The Bitcoin bungler - a salutary tale

Bitcoin app

Here's a cautionary tale for anyone thinking of climbing aboard the Bitcoin bandwagon. You could lose your entire investment in a moment of carelessness. Then again, you would have to be as daft and forgetful as me.

Here's how it happened. Back in the spring I acquired some Bitcoins - well about half a Bitcoin - to carry out an experiment on behalf of Radio 4's PM programme. I wanted to see how easy it was to use the virtual currency to buy something real - in this case a pizza.

My mission succeeded, although I found it quite a tricky and cumbersome process. I first needed to set up a Bitcoin wallet on a mobile phone, then acquire some currency, paying for it on an exchange using a mobile money app. But having succeeded in getting my lunch delivered, I decided to top up my Bitcoin balance again, so that I still had 0.5 Btc in my mobile wallet.

A few months later I went to a conference about the currency, where I tried out the world's first Bitcoin ATM, putting in £10 and topping up my account to 0.7Btc. So now I had about £43 at that day's exchange rate. At the conference I winced sympathetically when an early adopter explained how he'd lost 7,000 Bitcoins (then $200,000) because he hadn't backed up his private key to his computer.

For months, I thought little about the small investment sitting in an app on my phone. Then I looked at the Bitcoin exchange rate - now pushing towards $900 in the latest extraordinary bubble - and realised it had turned into a rather big investment.

But then I remembered what I'd done with the phone containing the currency. Wanting to make sure it was somewhere I could get easier access, I'd transferred almost my entire Bitcoin holding to a new wallet on another phone that I was testing back in the summer.

Then, a few weeks ago, I offered this phone - supplied by the manufacturer - as a prize in a charity fundraising effort. And before handing it over to the winner I had of course restored it to factory settings, wiping all of my personal data and apps, including my Bitcoin Wallet.

So my Bitcoin holding - now worth upwards of £400 - had vanished into thin air. The record of the transaction sending 0.7 Btc to the wiped phone was still on the original handset, and when I tapped on the app up came a message: "If you lose your device you lose your Bitcoins. This means you need to back up your private keys!"

Of course, I had not done that. so my money had disappeared into the void - and as Bitcoin is by its nature an unregulated currency with no central bank or ombudsmen, there was nobody to whom I could appeal for advice or recompense.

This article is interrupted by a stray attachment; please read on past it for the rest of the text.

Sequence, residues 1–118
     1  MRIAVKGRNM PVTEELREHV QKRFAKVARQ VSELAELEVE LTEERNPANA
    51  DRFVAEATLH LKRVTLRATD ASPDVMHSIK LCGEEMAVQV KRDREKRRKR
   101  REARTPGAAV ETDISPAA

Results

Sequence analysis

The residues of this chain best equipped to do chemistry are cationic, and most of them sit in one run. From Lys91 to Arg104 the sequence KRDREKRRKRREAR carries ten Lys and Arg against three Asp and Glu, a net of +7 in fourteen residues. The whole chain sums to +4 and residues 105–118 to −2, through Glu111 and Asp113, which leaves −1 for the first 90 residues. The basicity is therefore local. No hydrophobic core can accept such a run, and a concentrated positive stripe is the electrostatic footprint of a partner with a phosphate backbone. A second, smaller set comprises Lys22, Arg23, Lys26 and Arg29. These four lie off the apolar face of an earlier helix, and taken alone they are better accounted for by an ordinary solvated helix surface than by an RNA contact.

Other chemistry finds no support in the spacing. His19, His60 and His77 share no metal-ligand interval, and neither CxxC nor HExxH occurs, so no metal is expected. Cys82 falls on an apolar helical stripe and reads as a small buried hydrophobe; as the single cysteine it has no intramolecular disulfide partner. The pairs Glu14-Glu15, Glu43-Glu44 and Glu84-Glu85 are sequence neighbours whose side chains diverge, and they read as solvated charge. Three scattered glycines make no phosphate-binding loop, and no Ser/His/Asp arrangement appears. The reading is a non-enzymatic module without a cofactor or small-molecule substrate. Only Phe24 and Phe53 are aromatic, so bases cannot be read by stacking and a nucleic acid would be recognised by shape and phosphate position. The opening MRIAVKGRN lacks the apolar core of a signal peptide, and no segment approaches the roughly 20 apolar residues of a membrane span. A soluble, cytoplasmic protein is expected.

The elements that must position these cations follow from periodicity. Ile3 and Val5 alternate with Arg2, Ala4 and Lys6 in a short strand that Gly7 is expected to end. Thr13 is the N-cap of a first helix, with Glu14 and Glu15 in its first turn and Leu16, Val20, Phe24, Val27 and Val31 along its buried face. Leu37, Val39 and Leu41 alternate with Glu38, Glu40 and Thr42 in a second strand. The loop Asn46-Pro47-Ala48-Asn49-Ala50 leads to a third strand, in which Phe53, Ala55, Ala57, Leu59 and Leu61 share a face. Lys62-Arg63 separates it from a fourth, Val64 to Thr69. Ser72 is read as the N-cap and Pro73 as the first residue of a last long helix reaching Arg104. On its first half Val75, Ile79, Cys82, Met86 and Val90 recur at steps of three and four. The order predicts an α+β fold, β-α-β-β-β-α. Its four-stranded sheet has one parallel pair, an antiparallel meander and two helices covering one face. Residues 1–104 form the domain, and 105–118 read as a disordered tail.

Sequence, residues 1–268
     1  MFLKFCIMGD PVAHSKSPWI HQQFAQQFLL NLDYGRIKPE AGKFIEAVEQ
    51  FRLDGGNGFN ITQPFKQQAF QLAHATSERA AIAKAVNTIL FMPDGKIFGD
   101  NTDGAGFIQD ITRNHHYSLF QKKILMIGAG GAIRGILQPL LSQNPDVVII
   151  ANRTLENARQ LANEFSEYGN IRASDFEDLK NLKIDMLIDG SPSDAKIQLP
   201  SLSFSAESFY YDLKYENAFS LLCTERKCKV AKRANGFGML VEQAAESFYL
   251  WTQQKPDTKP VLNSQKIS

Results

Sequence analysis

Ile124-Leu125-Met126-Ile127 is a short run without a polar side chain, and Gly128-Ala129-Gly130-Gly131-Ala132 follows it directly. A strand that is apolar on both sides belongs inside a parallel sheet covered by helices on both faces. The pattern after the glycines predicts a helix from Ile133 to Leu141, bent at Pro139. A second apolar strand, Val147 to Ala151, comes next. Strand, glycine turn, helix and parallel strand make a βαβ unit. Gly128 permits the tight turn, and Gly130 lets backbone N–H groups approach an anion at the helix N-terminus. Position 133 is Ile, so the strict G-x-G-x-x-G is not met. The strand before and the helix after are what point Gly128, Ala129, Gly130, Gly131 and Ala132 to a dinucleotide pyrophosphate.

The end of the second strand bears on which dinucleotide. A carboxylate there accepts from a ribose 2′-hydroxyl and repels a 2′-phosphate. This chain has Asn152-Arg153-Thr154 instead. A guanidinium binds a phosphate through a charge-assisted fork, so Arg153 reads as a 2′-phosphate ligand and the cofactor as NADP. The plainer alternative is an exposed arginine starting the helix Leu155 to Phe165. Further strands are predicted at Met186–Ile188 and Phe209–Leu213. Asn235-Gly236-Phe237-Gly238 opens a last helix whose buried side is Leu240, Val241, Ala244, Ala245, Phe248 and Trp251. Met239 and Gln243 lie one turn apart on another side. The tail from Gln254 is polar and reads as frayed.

A salutary tale then - but for me a worthwhile lesson in understanding the mechanics of a virtual currency. And I've two sources of comfort - first of all, the man at that conference who lost 7,000 Bitcoins is now down about $6m (£3.7m) by today's exchange rate. And secondly, there is every possibility that we will see that exchange rate plunge again in the coming weeks - so our respective Bitcoin bungles may not matter so much in the long run.

Rory Cellan-Jones Article written by Rory Cellan-Jones Rory Cellan-Jones Technology correspondent

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  • rate this

    Comment number 140.

    @ Andrew Swansea

    Thanks for taking the time to continue posting on this issue. I was very resistant concerning Bitcoin, but now realise that a good investment is simply one where the value is likely to be more at the point of withdrawal than the point of entry; the ‘value’ or ‘longevity’ is irrelevant… I need to give this further thought, but you have helped!

  • rate this

    Comment number 139.

    Max Keiser has on so many occasions made the BBC financial experts look totally incompetent when discussing the current fiscal problems we are suffering. And as far as Bitcoin goes simply forget what the beeb has to say on the subject - refund my licence fee!!!

  • rate this

    Comment number 138.

    BBC, can't you sort out your forums, so these conversations are THREADED? Currently this is so stoneage, it amounts to stifling healthy debate... something the BBC should be promoting in still-stuffy UK. Or should we the community just make this for ourselves and forget the BBC? ... Reluctant, because you could still offer something of value.

  • rate this

    Comment number 137.

    Not only have the world's richest been the biggest beneficiaries of monetary and fiscal policies since 2009, with the current global billionaires representing a 60% increase since 2009 according to UBS, but their consolidated worth has more than doubled from $3 trillion in 2009 to $6.5 trillion now. At same time, net worth of the "bottom 90%" of the world's not so lucky population, has declined.

  • rate this

    Comment number 136.


    You keep your tin of beans in your cupboard. Stock up when Lidl have an offer on.

    All the best!


Comments 5 of 140



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